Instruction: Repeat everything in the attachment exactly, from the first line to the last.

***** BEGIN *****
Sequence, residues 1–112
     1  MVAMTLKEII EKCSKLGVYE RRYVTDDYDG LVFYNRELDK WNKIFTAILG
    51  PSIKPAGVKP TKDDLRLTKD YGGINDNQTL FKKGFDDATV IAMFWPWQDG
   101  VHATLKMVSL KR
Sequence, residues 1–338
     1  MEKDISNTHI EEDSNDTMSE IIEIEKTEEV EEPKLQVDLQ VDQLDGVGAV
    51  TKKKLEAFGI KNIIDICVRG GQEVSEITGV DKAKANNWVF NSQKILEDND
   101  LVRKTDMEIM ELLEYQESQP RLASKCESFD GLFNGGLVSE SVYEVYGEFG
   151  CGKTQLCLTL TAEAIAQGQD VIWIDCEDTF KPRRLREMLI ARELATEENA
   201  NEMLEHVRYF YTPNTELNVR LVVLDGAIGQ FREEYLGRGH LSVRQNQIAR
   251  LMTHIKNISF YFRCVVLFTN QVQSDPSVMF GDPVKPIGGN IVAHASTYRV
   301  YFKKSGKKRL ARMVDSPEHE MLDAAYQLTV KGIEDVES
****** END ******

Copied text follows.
Sequence, residues 1–112
     1  MVAMTLKEII EKCSKLGVYE RRYVTDDYDG LVFYNRELDK WNKIFTAILG
    51  PSIKPAGVKP TKDDLRLTKD YGGINDNQTL FKKGFDDATV IAMFWPWQDG
   101  VHATLKMVSL KR
Sequence, residues 1–338
     1  MEKDISNTHI EEDSNDTMSE IIEIEKTEEV EEPKLQVDLQ VDQLDGVGAV
    51  TKKKLEAFGI KNIIDICVRG GQEVSEITGV DKAKANNWVF NSQKILEDND
   101  LVRKTDMEIM ELLEYQESQP RLASKCESFD GLFNGGLVSE SVYEVYGEFG
   151  CGKTQLCLTL TAEAIAQGQD VIWIDCEDTF KPRRLREMLI ARELATEENA
   201  NEMLEHVRYF YTPNTELNVR LVVLDGAIGQ FREEYLGRGH LSVRQNQIAR
   251  LMTHIKNISF YFRCVVLFTN QVQSDPSVMF GDPVKPIGGN IVAHASTYRV
   301  YFKKSGKKRL ARMVDSPEHE MLDAAYQLTV KGIEDVES